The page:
Blood cancers

Providing hope for leukemia patients through evolving treatment

 

Evolving treatment, particularly in the area of target therapy, is changing the way the medical community treats this cancer of the blood cells.

 
Dr. Ronan Swords checks on patient Richard Sanders, who has benefited from novel drug therapy. ‘This gives me hope,’ Sanders says.
Dr. Ronan Swords checks on patient Richard Sanders, who has benefited from novel drug therapy. ‘This gives me hope,’ Sanders says.
DANIEL BOCK / FOR THE MIAMI HERALD

aveciana@MiamiHerald.com

For decades, treatment of leukemia remained the same, but recent research, including promising clinical trials, is providing new hope for patients diagnosed with this cancer or other disorder of the blood cells. That optimism is particularly true for those older patients who were usually not considered good candidates for most treatments.

“The future is bright,’’ said hematologist Dr. Ronan Swords, an assistant professor at the University of Miami’s Miller School of Medicine. “We’re moving toward an era of better treatment.’’

Thanks to a growing understanding of what goes on in both healthy blood cells and leukemia cells, treatment is headed away from chemotherapy toward targeted therapy that is less destructive to the body’s other cells. This is good news for the 52,380 new cases of leukemia that will be diagnosed this year and the other 303,000 living with the disease.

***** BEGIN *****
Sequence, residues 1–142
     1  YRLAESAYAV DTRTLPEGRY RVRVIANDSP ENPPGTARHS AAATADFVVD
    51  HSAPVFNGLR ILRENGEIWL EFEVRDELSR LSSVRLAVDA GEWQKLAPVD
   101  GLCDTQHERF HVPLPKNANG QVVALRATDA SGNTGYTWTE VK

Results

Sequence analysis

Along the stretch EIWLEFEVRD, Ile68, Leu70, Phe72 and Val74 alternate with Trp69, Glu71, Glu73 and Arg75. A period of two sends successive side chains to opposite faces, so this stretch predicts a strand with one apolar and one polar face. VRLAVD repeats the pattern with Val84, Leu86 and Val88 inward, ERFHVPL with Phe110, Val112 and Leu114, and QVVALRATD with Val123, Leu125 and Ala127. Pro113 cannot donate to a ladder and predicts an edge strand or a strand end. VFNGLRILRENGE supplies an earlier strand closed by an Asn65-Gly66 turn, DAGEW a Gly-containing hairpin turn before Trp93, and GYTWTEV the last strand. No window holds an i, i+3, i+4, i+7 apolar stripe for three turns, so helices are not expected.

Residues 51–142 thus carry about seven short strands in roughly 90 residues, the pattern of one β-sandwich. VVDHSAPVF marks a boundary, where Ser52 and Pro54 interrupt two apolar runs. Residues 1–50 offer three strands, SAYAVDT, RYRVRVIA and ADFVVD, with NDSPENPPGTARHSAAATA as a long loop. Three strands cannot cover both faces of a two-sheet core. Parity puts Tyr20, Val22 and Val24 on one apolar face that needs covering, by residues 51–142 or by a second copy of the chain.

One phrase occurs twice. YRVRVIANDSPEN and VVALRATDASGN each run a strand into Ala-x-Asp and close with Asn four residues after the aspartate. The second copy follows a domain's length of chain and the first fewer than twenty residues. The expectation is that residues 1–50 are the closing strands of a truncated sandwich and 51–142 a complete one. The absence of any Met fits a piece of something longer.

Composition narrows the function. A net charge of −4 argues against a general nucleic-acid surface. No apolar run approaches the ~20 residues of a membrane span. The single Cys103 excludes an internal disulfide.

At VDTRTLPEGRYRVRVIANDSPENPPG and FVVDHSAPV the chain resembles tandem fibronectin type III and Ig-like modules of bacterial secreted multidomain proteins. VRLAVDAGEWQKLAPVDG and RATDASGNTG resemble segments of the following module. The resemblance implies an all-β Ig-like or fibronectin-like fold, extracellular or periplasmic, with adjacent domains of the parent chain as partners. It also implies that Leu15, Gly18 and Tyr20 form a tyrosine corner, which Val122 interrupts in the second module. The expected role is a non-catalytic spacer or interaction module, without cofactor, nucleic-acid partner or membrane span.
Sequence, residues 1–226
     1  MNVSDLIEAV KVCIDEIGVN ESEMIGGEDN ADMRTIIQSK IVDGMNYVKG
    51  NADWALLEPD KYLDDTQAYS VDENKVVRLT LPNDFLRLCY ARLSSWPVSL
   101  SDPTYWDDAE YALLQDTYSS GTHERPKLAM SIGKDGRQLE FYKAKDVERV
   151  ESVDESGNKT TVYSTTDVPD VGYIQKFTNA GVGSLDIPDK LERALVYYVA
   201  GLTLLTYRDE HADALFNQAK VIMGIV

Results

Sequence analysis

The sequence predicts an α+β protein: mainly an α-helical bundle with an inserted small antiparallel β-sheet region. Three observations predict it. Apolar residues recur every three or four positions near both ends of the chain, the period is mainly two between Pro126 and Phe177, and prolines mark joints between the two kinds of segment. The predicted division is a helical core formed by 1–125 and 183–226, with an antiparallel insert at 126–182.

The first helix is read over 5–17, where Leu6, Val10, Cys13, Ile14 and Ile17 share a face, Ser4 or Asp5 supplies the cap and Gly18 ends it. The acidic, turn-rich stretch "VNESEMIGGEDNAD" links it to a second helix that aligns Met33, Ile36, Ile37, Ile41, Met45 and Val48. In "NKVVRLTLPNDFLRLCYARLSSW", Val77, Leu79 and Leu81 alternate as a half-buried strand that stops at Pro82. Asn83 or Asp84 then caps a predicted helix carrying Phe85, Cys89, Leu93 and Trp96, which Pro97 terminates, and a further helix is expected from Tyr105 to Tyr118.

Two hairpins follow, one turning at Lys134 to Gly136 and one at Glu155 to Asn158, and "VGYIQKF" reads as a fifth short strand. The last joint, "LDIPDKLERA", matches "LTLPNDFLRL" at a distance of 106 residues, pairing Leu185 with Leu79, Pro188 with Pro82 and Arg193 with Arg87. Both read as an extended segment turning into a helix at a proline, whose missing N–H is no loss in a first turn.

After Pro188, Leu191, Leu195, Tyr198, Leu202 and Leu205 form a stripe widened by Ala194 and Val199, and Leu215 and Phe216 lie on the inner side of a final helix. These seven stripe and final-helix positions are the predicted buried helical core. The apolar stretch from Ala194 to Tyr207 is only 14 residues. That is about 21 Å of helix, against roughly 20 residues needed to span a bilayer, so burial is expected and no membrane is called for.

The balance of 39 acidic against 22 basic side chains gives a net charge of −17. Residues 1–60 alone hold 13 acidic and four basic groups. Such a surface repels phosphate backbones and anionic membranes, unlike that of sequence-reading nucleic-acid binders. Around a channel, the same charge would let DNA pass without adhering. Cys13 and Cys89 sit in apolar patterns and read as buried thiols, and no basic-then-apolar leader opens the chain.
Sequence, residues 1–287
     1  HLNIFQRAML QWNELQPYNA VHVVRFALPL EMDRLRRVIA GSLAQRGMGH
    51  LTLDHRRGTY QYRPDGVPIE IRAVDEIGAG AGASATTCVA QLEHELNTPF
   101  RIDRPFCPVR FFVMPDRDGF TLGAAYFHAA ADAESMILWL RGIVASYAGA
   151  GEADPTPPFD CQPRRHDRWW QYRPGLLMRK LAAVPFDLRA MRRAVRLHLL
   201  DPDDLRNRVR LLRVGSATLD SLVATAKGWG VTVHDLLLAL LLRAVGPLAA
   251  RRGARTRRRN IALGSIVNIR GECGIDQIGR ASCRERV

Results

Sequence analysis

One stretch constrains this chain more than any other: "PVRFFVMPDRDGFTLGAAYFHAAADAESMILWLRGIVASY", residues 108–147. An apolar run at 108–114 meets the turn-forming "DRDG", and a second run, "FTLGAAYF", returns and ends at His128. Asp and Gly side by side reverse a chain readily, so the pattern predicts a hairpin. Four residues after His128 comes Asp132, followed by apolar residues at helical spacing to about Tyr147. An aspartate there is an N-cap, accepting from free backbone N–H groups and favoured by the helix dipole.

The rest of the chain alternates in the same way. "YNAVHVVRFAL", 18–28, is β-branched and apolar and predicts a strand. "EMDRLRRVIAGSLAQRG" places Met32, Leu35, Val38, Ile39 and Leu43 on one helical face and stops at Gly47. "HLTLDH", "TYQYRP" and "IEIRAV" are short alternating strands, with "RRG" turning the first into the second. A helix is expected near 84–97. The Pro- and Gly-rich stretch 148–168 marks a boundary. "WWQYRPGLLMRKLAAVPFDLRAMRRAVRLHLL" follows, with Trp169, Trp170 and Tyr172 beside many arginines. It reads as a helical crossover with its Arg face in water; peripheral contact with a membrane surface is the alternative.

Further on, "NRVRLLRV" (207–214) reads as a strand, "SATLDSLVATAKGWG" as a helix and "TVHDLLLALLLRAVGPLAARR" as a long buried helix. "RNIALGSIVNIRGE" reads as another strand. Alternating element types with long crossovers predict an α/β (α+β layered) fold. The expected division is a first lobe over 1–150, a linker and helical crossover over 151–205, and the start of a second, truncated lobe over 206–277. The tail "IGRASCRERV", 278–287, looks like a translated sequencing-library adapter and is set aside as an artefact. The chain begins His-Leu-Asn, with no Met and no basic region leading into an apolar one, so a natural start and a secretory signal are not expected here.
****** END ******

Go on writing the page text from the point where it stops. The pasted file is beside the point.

The most common types of leukemia involve one of the two major types of white blood cells: lymphocytes and myelocytes. These cells are important because they help the immune system fight off viruses and infections. Leukemias caused by rogue lymphocytes are called lymphocytic leukemias. By the same token those arising from myelocytes are called myeloid leukemias. In leukemia, the bone marrow makes abnormal white blood cells that often crowd out healthy cells.

Leukemia can be either acute or chronic and fall into four categories: acute lymphocytic leukemia (ALL), acute myeloid leukemia (AML), chronic lymphocytic leukemia (CLL) and chronic myeloid leukemia (CML).

Patients with acute leukemia are usually treated right away in an effort to destroy the cells. When the cancer is in remission, maintenance therapy tries to prevent a relapse. Some cases of acute leukemia can be cured. Chronic leukemia can often be controlled, but it is rarely cured by chemotherapy. Some stem cell transplants, however, offer a chance for a cure for chronic leukemia patients.